Unfortunately, as freelancers, rejection is part of the package. On any given week I can receive anywhere from 1 to 20 rejections. Sometimes it’s because my prices are too high, other times it’s because there was someone better for the job.
Rejection comes in all shapes and sizes. One client might tell you it straight, while another just might not email you back. Ever. Despite you following up numerous times.
When this happens, we start questioning ourselves as freelancers and what we could have done differently.
- Should I have been more passionate about the project?
- Should I have lowered my rates?
- Did I choose the wrong samples to show them?
But let me tell you the truth. There probably wouldn’t have been ANYTHING you could have done differently. Well, bar being a completely different person.
No matter what we do, we’re always going to have to face rejection in our working life. More so than most other people, I might add. Which, on the one hand, can seem like a really sad and sorry existence, but on the other, it can be pretty liberating. Especially when you learn how to handle it appropriately and even use it to your advantage.
The one way I got over rejection
Now, most articles you read about handling rejection will simply tell you not to take it personally. That can be really damn difficult though, because we’re humans – we take EVERYTHING personally. It’s kinda what we do.
But do you want to know how I got wise to rejection? How I started welcoming it instead of fearing it (because it can be super scary, especially when you’re just starting out!)?
I separated my work from myself. I started considering my freelance work as my business, which was a completely different entity to me. I ran my business, yes, but I wasn’t my business. We were (and aren’t) the same thing.
When I started to think in this mindset, I could start distancing myself from the hurt I usually felt when I got rejected. Instead of thinking, “they hate me, I’m not good enough,” it turned into “my services or my business just weren’t right for them at this time.” And then I moved on to the next.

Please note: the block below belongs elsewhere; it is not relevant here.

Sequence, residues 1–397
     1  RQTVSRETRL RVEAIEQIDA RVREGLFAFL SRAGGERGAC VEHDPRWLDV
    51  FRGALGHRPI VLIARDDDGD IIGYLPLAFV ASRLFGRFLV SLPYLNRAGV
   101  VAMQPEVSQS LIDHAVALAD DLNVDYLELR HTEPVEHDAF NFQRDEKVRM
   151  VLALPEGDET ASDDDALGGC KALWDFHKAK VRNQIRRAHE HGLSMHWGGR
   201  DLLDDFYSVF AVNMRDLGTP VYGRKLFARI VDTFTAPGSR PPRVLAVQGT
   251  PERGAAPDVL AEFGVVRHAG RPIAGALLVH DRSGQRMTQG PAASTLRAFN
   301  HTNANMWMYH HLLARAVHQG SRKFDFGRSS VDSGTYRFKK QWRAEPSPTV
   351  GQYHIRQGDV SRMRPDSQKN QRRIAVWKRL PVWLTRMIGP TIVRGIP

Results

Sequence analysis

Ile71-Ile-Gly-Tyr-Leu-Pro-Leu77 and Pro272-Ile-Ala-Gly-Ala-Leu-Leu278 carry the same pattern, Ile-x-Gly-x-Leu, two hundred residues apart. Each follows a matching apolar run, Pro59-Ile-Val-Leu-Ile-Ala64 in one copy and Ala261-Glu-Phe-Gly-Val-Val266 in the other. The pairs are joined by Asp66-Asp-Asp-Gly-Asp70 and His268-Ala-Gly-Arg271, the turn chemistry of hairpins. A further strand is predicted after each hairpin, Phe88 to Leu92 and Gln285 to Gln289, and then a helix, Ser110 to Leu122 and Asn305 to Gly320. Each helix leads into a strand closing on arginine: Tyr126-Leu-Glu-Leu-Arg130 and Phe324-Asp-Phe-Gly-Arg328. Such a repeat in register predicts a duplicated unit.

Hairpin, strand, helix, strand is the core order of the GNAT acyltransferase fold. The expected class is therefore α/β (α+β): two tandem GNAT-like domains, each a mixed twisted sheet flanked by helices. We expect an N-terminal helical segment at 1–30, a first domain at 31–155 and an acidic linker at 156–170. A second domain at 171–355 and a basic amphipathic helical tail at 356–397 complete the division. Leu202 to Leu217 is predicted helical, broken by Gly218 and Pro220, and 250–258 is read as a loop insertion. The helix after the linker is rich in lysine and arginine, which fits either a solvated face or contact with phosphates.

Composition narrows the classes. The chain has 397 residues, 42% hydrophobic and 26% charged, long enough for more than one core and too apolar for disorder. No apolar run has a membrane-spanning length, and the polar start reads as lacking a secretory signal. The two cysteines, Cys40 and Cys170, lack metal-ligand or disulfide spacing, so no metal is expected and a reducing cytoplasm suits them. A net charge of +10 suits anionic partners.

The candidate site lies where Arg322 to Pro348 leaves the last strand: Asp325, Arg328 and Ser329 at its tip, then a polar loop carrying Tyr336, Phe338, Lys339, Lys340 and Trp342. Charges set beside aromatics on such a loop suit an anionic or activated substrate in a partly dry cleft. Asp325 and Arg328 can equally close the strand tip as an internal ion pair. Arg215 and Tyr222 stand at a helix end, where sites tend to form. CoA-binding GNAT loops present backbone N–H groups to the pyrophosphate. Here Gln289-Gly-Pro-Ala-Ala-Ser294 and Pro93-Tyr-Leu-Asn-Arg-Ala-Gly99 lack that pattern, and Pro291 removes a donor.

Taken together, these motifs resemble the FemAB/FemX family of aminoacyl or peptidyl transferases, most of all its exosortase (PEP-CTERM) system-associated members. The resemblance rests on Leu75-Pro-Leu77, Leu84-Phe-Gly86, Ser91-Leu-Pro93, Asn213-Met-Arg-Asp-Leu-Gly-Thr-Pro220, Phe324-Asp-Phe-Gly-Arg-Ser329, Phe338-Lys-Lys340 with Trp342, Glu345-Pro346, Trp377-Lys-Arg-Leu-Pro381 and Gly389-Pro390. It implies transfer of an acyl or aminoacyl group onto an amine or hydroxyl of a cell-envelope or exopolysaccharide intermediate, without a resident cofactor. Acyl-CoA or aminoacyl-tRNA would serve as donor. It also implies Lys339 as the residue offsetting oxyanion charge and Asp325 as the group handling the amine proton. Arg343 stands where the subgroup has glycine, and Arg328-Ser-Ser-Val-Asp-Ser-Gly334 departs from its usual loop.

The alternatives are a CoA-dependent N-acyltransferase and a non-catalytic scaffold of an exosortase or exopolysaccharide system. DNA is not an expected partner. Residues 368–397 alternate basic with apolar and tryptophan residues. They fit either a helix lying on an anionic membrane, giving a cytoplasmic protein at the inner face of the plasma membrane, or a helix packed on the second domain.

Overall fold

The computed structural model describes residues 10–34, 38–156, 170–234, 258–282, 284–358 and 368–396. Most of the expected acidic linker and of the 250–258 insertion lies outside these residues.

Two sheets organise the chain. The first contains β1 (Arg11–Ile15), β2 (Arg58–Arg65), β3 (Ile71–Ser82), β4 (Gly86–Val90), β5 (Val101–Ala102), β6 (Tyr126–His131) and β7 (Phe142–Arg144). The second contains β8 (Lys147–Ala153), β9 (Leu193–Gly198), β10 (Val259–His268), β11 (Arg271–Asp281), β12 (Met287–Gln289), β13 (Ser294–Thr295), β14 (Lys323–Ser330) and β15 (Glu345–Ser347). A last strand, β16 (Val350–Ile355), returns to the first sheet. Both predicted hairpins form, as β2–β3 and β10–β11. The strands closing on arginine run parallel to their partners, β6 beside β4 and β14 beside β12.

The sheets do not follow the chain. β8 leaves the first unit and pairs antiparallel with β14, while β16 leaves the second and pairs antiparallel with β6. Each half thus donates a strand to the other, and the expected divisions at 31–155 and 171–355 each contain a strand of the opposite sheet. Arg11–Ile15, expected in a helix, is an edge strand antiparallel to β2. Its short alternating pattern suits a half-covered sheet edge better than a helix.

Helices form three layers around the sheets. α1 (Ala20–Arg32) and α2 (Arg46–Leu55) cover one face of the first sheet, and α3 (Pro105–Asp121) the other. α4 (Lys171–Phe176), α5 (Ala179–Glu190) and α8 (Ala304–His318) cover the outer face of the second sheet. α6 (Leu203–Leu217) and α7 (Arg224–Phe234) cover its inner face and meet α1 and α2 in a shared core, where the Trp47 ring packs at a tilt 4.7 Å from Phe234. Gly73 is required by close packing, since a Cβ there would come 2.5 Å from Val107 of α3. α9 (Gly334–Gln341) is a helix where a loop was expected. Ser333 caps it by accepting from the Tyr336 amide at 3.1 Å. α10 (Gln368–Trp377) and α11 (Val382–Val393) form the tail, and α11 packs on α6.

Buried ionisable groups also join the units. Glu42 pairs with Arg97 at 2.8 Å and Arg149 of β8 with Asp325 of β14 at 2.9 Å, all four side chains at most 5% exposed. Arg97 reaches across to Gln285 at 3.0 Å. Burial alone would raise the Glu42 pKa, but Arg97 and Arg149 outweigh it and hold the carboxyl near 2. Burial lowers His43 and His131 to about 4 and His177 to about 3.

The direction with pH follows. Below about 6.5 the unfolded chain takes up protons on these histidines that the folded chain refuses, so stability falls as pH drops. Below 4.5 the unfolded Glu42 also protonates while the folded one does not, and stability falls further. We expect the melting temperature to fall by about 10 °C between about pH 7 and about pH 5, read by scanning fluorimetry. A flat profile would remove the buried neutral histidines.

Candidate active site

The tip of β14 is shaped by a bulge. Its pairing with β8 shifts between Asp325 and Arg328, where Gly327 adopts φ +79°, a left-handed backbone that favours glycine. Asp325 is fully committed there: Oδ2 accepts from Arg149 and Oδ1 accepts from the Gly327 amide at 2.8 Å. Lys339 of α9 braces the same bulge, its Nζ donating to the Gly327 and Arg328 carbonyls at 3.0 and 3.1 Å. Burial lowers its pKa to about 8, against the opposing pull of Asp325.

Trust me, it’s taken a while to get a hold on my relationship with rejection. At the beginning of my career, there were numerous occasions I just didn’t pitch for a job or I didn’t email someone back because I thought I’d get rejected.
I was too scared.
And honestly? Every freelancer goes through this thought process at one point or another, because our work is so personal to us. Because we use our creative thoughts to attract clients. And the lines between “us” and “work” can get really blurry.
So, how can you turn nasty old rejection on its head and show it who’s boss? Here are some ideas to get you started.
1. Get Feedback
I’m absolutely guilty of getting rejected from a position and then spending way too much time wondering why I didn’t get the job.
Do you know what I should have done instead of assuming and drawing up false conclusions?
Gone right ahead and asked why I didn’t get it. Nine times out of ten it’s not because you’re a terrible person who they didn’t want to work with (our brains are such wonderful things, right?!), it’s because there was a better candidate, or your experience wasn’t quite on par with what they were looking for.
When you know why something didn’t happen, you can move on and implement some changes for the next time if necessary. Start getting some more relevant experience, experiment with your pitch, and start making connections in other ways.
I admit, it can be daunting asking a potential client why they turned you down. It feels a bit desperate, right?! But employers and brands get asked this all the time. In fact, they’re probably waiting for you to ask.
When the inevitable email pops in your inbox, simply hit reply and respond with something like this:
Thank you for letting me know – I wish you every success with the project! It’d be great to know what prompted you to go with someone else. I’m always looking for ways to improve my business!
Many thanks for your time,
Simple, easy, straight to the point, and definitely not desperate. I urge you to give this a try next time you receive a rejection. You might be surprised!
2. Remember You Weren’t a Good Fit
If you hang around here often, you’ll know that I’m a big advocate of having a particular type of client you work with. Something like an ideal client. These are the people you love to connect with, that you want to (and can) help, and that make your work as dreamy as it possibly can be.
When you receive a rejection, the chances are you and this brand weren’t a good fit. Why? Because they didn’t see your value, or your potential. They couldn’t see what you could offer them.